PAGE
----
AV: Were the Slavic against the Italians?

MM: No.

AV: How about the Dutch?

MM: That I don’t know, because the Italians lived down at the other end of town. My mother-in-law said that there was one Italian family lived right here in this next house, and she said they were the nicest people, she said they got along very, very well.

AV: Where did the Italians live, mostly?

MM: Well, they seemed scattered. There was the one family lived on the Back Street [underline Back Street]. That man was a shoe cobbler [underline shoe cobbler], because my mother-in-law said she remembers taking shoes over to have him fix shoes. He worked in the mine, but he also fixed shoes. And then there was this family that lived right over here. Then there was another family someplace down in the next block, and there were some that lived all the way down near the store. So there were, and two families that lived down near the store, [blank space] and B[blank space]. So they were here and there, and they got along very well together.

AV: So would you say that the basic rivalry here, or class differences, or I mean, like racial rivalry, was between the Slavic and Greek Catholic, and the Protestant, Irish, and Welsh . . .

MM: Right. There was also a rivalry between Greek Catholic and Roman Catholic.

AV: Oh, there was? How was that expressed?

MM: Because the Roman Catholics [underline Roman Catholics] thought that the Greek Catholic [underline Greek Catholic] people, that their church wasn’t the right church, because they were ignorant, they didn’t know that they were all under the one Pope. They were ignorant of the fact that they were all under the one Pope at that time . . . . . And because when you’d go to church the Mass was different, because in the Roman Catholic the Mass was in Latin. You’d go into the Greek Catholic Church, it was in the Byzantine rite and tongue, and so they thought that that wasn’t right, they thought that there was too much of a difference, because now even by mother-in-law held that against me, because am a Greek Catholic and my husband is Roman Catholic. So she didn’t like the idea very much of my husband marrying me, because she thought that maybe I would have him go to church with me, and, she didn’t have anything to worry about as far as that goes, because I always felt the husband is the head of the house, and where he goes, I go, so she didn’t have anything to worry on that score. But even to that point now, that’s forty-three years ago when we were married, and even she still had that feeling about it, although she changed her mind because she saw, it didn’t take to long after that she changed her mind she saw that things weren’t the way she expected them to be.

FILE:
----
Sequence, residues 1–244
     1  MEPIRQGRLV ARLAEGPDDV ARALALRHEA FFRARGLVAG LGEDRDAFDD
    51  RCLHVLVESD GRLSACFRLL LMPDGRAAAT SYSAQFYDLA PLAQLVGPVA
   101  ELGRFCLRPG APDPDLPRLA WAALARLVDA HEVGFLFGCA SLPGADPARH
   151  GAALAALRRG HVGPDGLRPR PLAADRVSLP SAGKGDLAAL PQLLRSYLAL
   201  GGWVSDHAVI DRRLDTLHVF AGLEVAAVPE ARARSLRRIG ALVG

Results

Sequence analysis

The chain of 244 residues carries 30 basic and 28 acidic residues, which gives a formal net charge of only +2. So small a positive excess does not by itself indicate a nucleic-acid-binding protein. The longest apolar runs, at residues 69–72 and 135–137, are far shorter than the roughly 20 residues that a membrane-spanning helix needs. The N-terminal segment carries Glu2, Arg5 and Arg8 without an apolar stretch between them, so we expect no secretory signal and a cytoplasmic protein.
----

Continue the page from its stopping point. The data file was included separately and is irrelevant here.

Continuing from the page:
AV: Was marriages between rites frowned upon?

MM: Yes! Yes, very much. And it didn’t matter if a Roman Catholic married a Roman Catholic, or a Ukrainian married a Ukrainian or a Greek Catholic married a Greek Catholic, that was good. But is a Roman Catholic married a Greek Catholic [underline Roman Catholic married a Greek Catholic], well, for a while there was a friction between both families. But, before you knew it all the differences were ironed out and the people got along well! You found out people were people.

AV: What about the parents, did they prohibit marriages between rites?

MM: Sometimes they did.


A. Varesano interviewing Mary Marshlik -3 8/22/72 Tape 28-2

AV: And did that have effect, I mean, did the kids listen to them?

MM: Well, there were sometimes when marriages were, the children didn’t like the idea of getting married, but yet the parents arranged the marriage [underline parents arranged the marriage] and the marriage took place.

AV: And sometimes were the parents able to break up marriages between rites?